Follow Simon on Twitter @ iSPYETF or sign up for the FREE iSPYETF Newsletter to get actionable ETF trade ideas delivered for free.

Bearish Bets Should Wait Until S&P 500 Hits This Level

The Greek odyssey, the Chinese market meltdown (Shanghai Composite down more than 30% in one month), NYSE trading suspension, etc.

There are plenty of reasons to worry. In case that wasn’t enough, S&P 500 seasonality is turning bearish, and VIX seasonality already turned bullish (more details here: Strongest VIX Signal of the Year)

Seems like it’s time to hide under a rock, or if you are more of a risk-taker, short stocks.

Sometimes, when it’s too obvious, it’s obviously wrong.

In this case, it may not be wrong to short stocks, but the timing doesn’t look quite right yet.

Here are three lower-risk opportunities to short the S&P 500, if you are so inclined.

  1. Around 2,081. There’s an open chart (first dashed pink line). Open chart gaps tend to get filled sooner or later.
  2. Around 2,101. There’s another open chart gap (second dashed pink line).
  3. After a breakdown below 2,040.

Why 2,040?

2,040 is just below the 200-day SMA, but it’s not a key level because of the 200-day SMA, rather despite the 200-day SMA.

The 200-day SMA is so popular; it tends to give many false signals (S&P seesawed across it already once this week).

The July 5 Profit Radar Report stated that: “The S&P 500 will likely open below its 200-day SMA, but above support at 2,040. The chart below shows why the area surrounding 2,040 seems important.

2,040 is a combination of long-term Fibonacci level trend channel.

Keep in mind that the market is still in a greater chopping zone, but any breakdown has to go through 2,040.

Simon Maierhofer is the publisher of the Profit Radar Report. The Profit Radar Report presents complex market analysis (S&P 500, Dow Jones, gold, silver, euro and bonds) in an easy format. Technical analysis, sentiment indicators, seasonal patterns and common sense are all wrapped up into two or more easy-to-read weekly updates. All Profit Radar Report recommendations resulted in a 59.51% net gain in 2013 and 17.59% in 2014.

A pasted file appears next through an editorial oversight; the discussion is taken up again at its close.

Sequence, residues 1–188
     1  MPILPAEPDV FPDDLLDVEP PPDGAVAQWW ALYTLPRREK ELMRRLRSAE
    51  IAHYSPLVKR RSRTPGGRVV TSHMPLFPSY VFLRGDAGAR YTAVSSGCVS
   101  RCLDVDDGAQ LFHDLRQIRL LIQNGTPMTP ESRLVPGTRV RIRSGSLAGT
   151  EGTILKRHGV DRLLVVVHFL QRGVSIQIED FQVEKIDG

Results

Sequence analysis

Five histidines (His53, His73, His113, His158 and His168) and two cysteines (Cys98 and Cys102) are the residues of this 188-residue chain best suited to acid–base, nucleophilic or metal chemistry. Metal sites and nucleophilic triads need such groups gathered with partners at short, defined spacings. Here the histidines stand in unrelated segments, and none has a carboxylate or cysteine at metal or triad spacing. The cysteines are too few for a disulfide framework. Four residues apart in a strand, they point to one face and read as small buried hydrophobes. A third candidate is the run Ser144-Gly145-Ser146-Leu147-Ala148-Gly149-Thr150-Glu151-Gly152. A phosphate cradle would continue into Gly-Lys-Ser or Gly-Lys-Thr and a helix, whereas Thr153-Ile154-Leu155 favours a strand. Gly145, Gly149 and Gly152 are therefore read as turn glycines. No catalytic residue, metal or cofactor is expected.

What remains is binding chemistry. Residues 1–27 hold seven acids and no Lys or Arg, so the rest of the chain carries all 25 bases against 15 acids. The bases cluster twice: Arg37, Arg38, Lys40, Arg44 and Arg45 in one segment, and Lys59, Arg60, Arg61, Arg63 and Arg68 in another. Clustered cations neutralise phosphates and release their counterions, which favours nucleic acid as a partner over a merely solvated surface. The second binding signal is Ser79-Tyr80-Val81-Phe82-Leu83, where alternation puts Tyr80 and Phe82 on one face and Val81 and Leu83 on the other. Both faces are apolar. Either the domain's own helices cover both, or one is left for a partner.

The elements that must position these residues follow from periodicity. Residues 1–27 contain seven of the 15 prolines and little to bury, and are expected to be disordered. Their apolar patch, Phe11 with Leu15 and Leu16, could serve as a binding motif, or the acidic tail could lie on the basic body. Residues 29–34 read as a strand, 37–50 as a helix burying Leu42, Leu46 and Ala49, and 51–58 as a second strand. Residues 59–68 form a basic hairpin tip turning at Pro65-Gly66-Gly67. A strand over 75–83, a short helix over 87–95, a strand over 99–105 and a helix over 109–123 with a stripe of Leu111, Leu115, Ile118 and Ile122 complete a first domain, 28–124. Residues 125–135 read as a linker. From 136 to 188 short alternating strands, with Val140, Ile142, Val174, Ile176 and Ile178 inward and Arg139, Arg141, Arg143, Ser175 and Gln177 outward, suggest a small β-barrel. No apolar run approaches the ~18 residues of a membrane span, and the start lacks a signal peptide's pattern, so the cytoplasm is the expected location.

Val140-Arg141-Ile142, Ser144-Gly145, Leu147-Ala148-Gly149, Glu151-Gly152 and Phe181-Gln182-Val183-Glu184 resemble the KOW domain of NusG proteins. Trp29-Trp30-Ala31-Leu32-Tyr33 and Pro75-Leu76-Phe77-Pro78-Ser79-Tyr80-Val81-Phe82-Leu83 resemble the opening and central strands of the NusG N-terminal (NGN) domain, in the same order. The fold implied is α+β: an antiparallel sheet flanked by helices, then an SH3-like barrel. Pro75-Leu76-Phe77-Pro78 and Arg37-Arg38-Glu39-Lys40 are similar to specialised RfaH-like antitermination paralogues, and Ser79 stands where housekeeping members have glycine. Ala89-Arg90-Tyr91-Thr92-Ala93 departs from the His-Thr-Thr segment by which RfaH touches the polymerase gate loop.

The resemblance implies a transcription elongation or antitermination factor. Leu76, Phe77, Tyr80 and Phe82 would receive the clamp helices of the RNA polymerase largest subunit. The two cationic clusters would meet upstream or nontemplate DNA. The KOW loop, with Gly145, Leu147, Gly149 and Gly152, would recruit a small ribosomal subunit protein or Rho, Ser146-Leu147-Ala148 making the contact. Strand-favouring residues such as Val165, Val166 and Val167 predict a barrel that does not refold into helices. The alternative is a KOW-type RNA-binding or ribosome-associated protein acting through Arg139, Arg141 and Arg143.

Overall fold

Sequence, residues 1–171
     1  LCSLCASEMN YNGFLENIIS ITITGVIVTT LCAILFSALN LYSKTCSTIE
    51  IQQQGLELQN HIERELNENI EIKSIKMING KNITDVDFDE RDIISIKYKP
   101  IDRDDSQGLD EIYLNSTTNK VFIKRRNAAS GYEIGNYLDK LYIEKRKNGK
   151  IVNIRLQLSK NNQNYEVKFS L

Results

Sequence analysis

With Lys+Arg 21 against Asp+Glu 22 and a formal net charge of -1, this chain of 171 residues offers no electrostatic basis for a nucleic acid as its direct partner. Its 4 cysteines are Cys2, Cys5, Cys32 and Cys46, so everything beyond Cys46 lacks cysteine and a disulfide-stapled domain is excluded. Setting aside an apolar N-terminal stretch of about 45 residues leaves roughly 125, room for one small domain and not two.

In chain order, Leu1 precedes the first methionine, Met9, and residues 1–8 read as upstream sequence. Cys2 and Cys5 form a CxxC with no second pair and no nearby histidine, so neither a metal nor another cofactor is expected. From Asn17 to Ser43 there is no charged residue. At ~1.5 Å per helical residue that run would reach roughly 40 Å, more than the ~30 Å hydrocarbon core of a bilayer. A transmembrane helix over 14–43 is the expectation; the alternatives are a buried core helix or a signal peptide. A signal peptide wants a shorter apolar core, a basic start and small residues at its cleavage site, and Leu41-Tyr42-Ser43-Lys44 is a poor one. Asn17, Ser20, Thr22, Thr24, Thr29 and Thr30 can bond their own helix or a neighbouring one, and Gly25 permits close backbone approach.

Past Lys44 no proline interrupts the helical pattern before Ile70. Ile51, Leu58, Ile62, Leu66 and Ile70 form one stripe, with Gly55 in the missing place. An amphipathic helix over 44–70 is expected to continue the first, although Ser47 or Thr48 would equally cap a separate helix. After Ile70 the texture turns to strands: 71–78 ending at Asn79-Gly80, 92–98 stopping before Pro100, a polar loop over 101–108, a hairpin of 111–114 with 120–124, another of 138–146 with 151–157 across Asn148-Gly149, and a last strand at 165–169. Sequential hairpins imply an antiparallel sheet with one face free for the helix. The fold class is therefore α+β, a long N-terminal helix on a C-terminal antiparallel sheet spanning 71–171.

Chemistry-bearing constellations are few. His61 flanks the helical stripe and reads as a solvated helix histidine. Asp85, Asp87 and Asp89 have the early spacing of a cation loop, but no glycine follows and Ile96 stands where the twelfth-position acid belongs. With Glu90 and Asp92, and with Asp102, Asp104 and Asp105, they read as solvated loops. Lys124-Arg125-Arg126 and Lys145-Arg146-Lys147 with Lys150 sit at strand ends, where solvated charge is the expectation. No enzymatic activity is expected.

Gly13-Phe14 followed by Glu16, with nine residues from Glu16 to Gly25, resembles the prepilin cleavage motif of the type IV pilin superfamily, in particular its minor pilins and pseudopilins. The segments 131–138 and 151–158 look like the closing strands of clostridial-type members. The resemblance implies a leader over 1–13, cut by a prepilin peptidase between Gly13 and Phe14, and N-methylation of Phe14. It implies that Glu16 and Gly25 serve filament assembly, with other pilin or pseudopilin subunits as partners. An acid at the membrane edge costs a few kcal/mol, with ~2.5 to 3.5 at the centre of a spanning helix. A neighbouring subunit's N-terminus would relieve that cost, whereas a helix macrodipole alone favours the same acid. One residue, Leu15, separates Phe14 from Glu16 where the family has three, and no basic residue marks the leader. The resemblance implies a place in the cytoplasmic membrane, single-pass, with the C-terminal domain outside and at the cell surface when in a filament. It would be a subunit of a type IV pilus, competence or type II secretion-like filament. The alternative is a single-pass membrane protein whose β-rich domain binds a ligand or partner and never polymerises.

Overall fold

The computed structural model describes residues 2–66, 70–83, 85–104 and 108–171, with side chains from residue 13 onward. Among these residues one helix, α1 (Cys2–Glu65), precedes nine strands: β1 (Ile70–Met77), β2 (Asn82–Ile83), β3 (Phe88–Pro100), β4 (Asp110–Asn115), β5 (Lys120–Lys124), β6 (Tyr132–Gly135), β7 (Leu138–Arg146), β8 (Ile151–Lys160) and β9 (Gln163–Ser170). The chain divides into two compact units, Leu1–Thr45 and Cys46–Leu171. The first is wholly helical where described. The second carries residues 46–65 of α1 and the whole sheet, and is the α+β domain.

Follow Simon on Twitter @ iSPYETF or sign up for the FREE iSPYETF Newsletter to get actionable ETF trade ideas delivered for free.

 

This Line is More Important for Gold Than the 200-day SMA

Back in December you couldn’t get investors to touch gold even with a 10-foot pole. From low to high, gold has rallied 13% since and analysts are starting to up their full-year targets. This could be a costly mistake.

About 50 days ago analysts gave gold a snowball’s chance in hades to move higher.

The December 2013 headlines below show that investors were as bearish about gold as they were bullish about the S&P 500 (NYSEArca: SPY).

Bloomberg: Gold’s drop to lowest since 2010 seen extending next year by Goldman Sachs
Forbes: Gold may be on verge of a waterfall-style decline
Wall Street Journal: Gold is testing last ditch support before it falls further into the abyss
Bloomberg: Gold trades below 1,200 as growth outlook curbs haven demand
Wall Street Journal: Gold’s glimmer gone, mutual funds feel the pinch

Those bearish headlines and other sentiment gauges contributed to this contrarian assessment by the December 29 Profit Radar Report: “Gold sentiment is very bearish (bullish for gold) and prices may bounce here.”

Up until February 11, gold’s rally attempts were feeble, with gains of less than 4% since the December 31 closing low at 1,204.